Kvocka Trial Judgement, para. 701, citing the Trial Chamber in the Celebici case which stated that the gravity of the offence was "By far the most important consideration, which may be regarded as the litmus test for the appropriate sentence", Celebici Trial Judgement, para. 1225.
73 -
Kvocka Trial Judgement, para. 701, citing the Celebici Trial Judgement, para. 1226; Erdemovic Appeals Sentencing Judgement, para. 15; Kambanda Sentencing Judgement, para. 42; Kayishema Trial Judgement, para. 26; Kordic Trial Judgement, para. 852.
74 -
Plavsic Sentencing Judgment, para. 84.
75 -
Kunarac Trial Judgement, para. 868;
76 - As will be recalled below, the Trial Chamber bears in mind that: "The same elements should not be reviewed a first time as a constitutive element of the crime and a second time as an aggravating circumstance",
Krstic Trial Judgement, para. 707.
77 -
Celebici Appeal Judgement, para. 763.
78 - Article 41(1) of the Criminal Code of the SFRY (adopted on 28 September 1976, entered into force on 1 July 1977) states (in translation): "The court shall determine the sentence for the perpetrator of a given crime within the limits prescribed by the law for this crime, bearing in mind the purpose of the punishment and taking into account all the circumstances that could lead to this sentence being more or less severe, in particular: the degree of criminal responsibility, the motives of the crime, the degree of the threat or damage to protected property, the circumstances under which the crime was committed, the background of the perpetrator, his personal circumstances and behaviour after the commission of the crime as well as other circumstances which relate to the character of the perpetrator."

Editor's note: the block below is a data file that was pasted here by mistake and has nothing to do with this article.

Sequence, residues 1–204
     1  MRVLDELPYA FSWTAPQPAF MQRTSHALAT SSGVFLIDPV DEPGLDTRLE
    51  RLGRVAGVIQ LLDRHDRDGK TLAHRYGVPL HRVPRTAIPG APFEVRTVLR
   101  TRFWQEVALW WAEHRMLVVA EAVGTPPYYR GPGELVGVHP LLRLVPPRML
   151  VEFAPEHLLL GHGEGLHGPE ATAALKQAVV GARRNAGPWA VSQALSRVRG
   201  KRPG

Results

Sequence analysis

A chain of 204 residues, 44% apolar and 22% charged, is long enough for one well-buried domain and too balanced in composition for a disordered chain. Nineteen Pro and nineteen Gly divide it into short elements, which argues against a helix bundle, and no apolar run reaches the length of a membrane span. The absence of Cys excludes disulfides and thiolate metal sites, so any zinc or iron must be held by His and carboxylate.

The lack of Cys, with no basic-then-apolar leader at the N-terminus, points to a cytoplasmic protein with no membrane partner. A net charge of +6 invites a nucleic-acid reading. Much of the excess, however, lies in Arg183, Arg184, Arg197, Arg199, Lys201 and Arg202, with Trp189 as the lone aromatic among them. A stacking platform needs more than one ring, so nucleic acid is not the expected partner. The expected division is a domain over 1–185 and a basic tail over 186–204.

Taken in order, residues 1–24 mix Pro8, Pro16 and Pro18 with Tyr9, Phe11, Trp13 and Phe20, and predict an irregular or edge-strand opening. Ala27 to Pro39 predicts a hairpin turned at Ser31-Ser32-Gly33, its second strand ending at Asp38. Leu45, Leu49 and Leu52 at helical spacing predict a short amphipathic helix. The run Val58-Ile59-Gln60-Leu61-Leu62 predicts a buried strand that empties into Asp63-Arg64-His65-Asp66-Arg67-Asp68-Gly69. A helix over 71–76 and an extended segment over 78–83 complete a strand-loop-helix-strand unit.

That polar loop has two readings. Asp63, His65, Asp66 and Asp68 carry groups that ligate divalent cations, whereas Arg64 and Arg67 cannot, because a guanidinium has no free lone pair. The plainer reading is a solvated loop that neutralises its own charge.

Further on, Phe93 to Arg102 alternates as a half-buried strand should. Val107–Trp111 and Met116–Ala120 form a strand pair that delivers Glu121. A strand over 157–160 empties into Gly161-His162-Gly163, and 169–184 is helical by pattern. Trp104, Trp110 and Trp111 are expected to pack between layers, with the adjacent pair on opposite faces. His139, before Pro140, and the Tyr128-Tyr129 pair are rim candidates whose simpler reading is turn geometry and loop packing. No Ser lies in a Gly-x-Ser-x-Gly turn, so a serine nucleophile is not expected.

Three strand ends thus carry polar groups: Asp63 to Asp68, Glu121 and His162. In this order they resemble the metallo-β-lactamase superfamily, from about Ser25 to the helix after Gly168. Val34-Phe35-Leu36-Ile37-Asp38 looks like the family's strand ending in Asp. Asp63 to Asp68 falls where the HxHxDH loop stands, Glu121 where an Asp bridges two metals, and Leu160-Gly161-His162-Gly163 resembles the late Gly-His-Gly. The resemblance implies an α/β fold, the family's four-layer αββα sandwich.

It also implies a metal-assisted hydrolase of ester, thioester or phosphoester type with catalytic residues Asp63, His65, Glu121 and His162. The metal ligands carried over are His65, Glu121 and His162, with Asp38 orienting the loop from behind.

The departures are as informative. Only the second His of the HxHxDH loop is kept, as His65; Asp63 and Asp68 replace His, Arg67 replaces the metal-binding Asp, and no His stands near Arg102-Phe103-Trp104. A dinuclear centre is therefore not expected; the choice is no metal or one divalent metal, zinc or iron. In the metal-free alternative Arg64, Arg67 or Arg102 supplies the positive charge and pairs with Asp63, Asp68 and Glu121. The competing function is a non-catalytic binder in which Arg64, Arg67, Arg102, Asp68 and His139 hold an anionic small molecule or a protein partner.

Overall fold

79 - See Chapter XVI of the Criminal Code of the former Yugoslavia ("Crimes Against Humanity and International Law"). Articles 141 and 142(1) dealt with the crimes of genocide and other war crimes committed against civilians. See also Articles 142-156 and Articles 38 ("Imprisonment"), 41 ("Sentences"), and 48 ("Coincidence of several offences"). Crimes against peace and international law, including the crime of genocide and war crimes against a civilian population, were punishable by a sentence of 5 to 15 years of imprisonment, by the death penalty, or by 20 years of imprisonment if a prison sentence was substituted for the death penalty.
80 -
Kordic Trial Judgement, para. 849; see also Defence Sentencing Brief, para. 30.
81 -
Tadic Appeals Sentencing Judgement, para. 21; Defence Sentencing Brief, para. 26.
82 - Babic's interview on 23 February 2002, video-tape 9 at pp. 4-6 (L009-2098-L009-2100).
83 - See lists of victims in annexes to the Indictment. See also the SAO Krajina map produced by Babic as Exhibit 326. Tab 11 in the
Milosevic proceedings shows that the SAO Krajina comprised of territories in Northern Dalmatia and Lika, including the municipalities of Knin, Benkovac, Gracac, Donji Lapac, Obrovac, Korenica, and Vojnic, and of localities which declared themselves as belonging to any of the above municipalities on account of their Serb-majority status.